July 28, 2010


          The term "electrocise" was coined and defined by Gary Reinl in 2009. According to Reinl, "Electrocise is a type of exercise". "Think about it" says Reinl. "If you are using an electrical signal to directly stimulate muscular activity, which is not regulated by a physician, you are electrocising."

          "Electrocising, assuming you are using a well-designed muscle-conditioning device, is a great way to train on off-days and, it is a sound and viable solution to fulfilling muscle conditioning needs when weather, travel, fatigue, or health issues restrict or prevent scheduled training. There is even a proven way to use electrocise to help the body recover post-training via a virtually stressless muscle-activated rejuvenation technique.

          Further, and perhaps most important, it is a near-perfect form of exercise for anyone who wants to ease into a comprehensive muscle-conditioning program or merely has a weak link that needs a dose of focused stimulation.

          Interestingly, stimulating muscular activity via an electrical signal is not a new idea. In fact, there are credible reports regarding the therapeutic use of electrically-charged torpedo fish that date back more than a thousand years 1, 2. More recently, beginning in the early 1980’s doctors, therapists, trainers, and athletes started using electrical muscle stimulation devices to accelerate the recovery process post-injury." 3 adds Reinl.

          "The future?" he says enthusiastically. "I see two utterly unrelated sets of facts that will lead to the widespread use of this type of exercise: (1) the near universal banning of performance enhancing drugs from sports has created a huge gap between ability and potential … that said, I honestly believe that electrocise will not only help athletes close the gap … it will enable them to exceed performance limits that drug users never dreamed possible; and (2) the recent discovery of so called ‘myokines’ and their direct relationship to muscle activity and subsequently, health and longevity 4, 5, 6, makes it is easy for me to visualize millions of people electrocising; some doing it as a supplement and the rest doing it as their primary form of exercise".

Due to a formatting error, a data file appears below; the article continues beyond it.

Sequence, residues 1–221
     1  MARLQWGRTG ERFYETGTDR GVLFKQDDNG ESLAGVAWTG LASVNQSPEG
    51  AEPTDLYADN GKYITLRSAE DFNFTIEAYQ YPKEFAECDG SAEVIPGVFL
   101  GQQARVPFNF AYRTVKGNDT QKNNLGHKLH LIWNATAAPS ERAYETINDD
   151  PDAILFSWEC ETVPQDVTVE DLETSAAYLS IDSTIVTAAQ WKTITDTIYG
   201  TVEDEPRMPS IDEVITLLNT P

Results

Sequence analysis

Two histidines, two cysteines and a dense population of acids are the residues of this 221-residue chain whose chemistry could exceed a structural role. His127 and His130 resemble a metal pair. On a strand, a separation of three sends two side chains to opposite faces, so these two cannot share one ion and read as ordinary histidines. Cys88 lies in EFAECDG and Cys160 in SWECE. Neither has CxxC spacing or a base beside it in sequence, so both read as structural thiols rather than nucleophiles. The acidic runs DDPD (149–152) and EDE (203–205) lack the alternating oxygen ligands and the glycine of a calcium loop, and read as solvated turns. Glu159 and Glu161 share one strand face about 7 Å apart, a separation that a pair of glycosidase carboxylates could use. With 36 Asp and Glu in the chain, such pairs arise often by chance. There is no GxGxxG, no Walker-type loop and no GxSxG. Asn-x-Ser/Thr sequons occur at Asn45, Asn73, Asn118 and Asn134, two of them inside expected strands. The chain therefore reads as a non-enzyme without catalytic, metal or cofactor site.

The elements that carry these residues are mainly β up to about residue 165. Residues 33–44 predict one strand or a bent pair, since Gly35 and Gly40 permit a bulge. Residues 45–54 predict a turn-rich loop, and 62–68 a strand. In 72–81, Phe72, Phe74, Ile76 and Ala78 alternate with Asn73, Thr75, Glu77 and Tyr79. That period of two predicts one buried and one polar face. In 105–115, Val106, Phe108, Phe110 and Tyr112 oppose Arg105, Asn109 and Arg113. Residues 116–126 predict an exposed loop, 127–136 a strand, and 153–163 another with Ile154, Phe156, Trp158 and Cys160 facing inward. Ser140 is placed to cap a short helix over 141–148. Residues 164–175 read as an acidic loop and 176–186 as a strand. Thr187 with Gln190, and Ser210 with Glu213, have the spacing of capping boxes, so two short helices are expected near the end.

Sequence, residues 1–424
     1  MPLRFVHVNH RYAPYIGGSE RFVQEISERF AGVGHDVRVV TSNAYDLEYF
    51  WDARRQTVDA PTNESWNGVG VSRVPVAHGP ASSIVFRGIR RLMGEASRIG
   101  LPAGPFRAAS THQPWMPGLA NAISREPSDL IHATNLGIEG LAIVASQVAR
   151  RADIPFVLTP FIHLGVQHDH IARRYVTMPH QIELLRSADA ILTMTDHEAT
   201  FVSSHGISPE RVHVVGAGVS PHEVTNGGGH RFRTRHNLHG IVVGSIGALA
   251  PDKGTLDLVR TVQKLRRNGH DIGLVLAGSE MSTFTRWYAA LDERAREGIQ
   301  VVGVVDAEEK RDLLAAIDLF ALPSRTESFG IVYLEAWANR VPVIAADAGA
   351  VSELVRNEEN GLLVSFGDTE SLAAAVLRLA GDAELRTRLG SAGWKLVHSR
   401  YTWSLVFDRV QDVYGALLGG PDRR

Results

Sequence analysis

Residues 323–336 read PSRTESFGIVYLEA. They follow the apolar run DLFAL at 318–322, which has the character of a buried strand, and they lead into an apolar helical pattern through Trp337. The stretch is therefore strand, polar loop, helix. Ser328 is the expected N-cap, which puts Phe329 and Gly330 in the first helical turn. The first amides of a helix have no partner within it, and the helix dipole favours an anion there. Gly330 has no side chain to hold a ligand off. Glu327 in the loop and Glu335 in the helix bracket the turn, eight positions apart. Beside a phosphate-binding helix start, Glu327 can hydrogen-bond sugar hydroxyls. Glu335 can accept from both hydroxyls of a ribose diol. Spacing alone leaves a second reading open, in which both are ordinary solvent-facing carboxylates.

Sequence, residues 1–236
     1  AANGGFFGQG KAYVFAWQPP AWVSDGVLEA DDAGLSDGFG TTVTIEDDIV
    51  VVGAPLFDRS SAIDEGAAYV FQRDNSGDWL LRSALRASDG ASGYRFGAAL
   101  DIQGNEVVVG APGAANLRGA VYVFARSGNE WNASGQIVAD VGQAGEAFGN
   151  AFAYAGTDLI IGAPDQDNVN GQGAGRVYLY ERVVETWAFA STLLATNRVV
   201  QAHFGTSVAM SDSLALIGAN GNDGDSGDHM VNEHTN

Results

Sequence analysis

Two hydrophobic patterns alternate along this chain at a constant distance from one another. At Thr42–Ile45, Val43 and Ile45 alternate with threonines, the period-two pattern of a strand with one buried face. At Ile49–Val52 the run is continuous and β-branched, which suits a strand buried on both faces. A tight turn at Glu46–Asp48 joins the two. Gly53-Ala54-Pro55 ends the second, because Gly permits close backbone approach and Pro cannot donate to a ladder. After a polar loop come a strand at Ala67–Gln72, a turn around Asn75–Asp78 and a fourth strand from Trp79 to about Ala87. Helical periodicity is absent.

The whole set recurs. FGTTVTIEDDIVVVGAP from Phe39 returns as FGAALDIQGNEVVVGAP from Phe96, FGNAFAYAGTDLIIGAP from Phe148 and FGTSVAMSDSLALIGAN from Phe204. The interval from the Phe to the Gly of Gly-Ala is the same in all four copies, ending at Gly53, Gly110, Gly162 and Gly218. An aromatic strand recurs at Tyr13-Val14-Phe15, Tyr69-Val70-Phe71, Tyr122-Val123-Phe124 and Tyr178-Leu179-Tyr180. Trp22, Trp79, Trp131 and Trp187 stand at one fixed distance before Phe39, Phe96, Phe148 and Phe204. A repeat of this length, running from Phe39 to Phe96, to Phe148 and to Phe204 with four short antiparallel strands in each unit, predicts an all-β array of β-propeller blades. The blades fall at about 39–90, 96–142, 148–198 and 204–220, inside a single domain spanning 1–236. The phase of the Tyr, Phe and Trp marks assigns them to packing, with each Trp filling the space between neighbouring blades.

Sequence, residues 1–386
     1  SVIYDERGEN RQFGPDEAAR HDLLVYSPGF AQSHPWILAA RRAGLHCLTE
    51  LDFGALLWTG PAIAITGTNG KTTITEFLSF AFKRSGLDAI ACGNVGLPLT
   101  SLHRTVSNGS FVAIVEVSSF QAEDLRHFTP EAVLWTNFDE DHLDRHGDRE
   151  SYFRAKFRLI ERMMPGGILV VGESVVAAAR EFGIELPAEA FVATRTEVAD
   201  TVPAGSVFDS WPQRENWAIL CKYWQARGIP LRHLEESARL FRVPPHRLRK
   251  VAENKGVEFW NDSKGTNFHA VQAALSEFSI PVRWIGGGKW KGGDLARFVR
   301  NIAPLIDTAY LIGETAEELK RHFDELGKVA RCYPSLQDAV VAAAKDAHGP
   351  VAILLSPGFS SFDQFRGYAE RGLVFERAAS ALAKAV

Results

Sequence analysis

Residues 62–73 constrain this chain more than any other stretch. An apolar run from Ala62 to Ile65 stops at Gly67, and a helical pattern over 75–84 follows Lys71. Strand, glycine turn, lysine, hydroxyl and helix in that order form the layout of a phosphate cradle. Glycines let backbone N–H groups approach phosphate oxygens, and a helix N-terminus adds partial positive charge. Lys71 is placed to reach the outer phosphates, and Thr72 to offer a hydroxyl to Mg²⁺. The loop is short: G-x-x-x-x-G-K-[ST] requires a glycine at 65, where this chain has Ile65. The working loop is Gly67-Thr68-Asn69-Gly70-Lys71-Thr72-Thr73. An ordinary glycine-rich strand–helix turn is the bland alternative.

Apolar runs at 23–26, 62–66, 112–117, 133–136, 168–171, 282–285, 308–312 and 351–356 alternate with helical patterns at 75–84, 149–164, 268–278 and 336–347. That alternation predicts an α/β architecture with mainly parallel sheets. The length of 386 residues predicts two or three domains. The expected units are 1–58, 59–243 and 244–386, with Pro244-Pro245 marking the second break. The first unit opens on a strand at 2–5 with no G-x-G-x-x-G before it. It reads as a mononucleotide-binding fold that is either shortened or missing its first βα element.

1) Stillings D., A survey of the history of electrical stimulation for pain to 1900, Med Instrum 1975 Nov-Dec;9(6):255-9

2) Dolhem R., The history of electrostimulation in rehabilitation medicine, Ann Readapt Med Phys, 2008 Jul;51(6):427-31.

3) Blum K, et al, The H-Wave((R)) Device Induces NODependent Augmented Microcirculation and Angiogenesis, Providing Both Analgesia and Tissue Healing in Sports Injuries.Phys Sportsmed. 2008;36(1):103-14.

4) Bente Klarlund Pedersen, et al, Role of myokines in exercise and metabolism, J Appl Physiol 103: 1093–1098, March 8, 2007

5) M.A. Febbraio, et al, Myokines and metabolic regulation, (2008) Physiological Reviews, 88, 1379-1406. doi:10.1152/physrev.90100.2007

6) Anne-Sophie Arnold, et al, PGC-1 A and Myokines in the Aging Muscle – A Mini-Review, Gerontology, DOI: 10.1159/000281883, February 4, 2010


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